TLF ID M008414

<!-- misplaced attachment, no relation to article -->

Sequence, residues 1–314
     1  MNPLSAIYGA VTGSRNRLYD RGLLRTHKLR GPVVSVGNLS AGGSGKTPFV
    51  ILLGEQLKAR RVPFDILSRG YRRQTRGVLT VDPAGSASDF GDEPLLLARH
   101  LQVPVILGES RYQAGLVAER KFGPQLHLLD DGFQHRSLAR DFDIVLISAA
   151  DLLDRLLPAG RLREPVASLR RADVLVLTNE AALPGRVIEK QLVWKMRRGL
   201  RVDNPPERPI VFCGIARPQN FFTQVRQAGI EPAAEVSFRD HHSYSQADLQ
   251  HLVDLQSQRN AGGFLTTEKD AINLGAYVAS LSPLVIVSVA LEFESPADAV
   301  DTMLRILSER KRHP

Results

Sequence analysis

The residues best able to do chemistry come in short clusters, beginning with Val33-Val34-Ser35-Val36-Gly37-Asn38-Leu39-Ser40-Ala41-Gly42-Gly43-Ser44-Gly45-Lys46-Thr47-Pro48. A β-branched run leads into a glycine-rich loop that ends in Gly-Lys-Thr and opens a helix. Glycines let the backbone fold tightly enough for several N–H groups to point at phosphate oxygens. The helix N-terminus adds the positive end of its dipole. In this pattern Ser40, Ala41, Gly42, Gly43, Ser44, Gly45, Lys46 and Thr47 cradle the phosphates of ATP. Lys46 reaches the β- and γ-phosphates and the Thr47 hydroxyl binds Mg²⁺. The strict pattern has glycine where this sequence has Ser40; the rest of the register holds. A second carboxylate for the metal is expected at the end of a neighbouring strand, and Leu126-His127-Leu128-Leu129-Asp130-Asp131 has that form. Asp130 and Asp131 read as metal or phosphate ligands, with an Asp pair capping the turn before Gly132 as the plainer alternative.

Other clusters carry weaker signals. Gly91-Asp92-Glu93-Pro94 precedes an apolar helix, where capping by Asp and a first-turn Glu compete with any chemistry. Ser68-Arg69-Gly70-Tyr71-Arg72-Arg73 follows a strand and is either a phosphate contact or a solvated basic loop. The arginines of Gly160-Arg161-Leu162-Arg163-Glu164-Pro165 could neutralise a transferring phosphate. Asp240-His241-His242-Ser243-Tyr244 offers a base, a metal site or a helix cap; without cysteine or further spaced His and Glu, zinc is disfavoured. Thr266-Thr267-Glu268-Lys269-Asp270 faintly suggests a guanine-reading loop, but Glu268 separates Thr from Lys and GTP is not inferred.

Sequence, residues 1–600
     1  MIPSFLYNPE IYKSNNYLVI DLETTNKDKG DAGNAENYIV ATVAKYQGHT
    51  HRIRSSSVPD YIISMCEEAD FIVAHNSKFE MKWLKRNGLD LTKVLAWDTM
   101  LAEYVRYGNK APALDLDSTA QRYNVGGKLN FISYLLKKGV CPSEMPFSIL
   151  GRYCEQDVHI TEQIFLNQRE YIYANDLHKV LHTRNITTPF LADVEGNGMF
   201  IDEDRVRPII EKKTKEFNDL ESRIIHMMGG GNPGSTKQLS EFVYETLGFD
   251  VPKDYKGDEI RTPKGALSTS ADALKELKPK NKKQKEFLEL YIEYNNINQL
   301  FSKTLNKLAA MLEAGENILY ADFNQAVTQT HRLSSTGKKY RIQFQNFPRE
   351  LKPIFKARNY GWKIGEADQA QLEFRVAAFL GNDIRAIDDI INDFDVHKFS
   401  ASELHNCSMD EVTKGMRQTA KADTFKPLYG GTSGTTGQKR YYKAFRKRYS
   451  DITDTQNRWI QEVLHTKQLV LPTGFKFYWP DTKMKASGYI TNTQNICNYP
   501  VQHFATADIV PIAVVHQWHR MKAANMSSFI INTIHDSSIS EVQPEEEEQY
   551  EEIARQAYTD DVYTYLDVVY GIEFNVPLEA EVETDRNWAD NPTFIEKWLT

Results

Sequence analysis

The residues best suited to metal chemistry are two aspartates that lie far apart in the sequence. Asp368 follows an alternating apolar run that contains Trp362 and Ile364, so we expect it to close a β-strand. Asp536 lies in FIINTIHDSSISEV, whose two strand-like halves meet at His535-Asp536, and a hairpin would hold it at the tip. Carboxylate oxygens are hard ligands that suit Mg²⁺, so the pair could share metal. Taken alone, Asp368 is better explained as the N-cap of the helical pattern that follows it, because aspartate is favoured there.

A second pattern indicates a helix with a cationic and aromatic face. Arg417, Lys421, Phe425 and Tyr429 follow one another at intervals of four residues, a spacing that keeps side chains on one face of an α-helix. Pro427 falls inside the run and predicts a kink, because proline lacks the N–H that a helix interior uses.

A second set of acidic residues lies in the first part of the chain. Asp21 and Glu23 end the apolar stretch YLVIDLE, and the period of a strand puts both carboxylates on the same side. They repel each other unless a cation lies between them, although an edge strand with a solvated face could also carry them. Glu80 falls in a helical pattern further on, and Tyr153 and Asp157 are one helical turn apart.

In this clip Franchesca Cubillo (senior curator at the Museum and Art Gallery of the Northern Territory) talks to secondary students about the significance of Aboriginal artwork and the Yirrkala bark petition of 1963. She says that when a bauxite mine was proposed on the Gove Pensinsula, the Yolngu people at Yirrkala had no legal land rights. The Elders of the community produced what became known as the 'bark petition' - a petition embedded in a painting on bark that expressed the people's title deeds to their country. Cubillo says the claim was not presented in a legal document as a non-Aboriginal claim might have been, but on the Yirrkala people's own terms. She says that Aboriginal art has always been connected to ceremony and land, and so an Aboriginal person painting in traditional style is asserting their native title rights.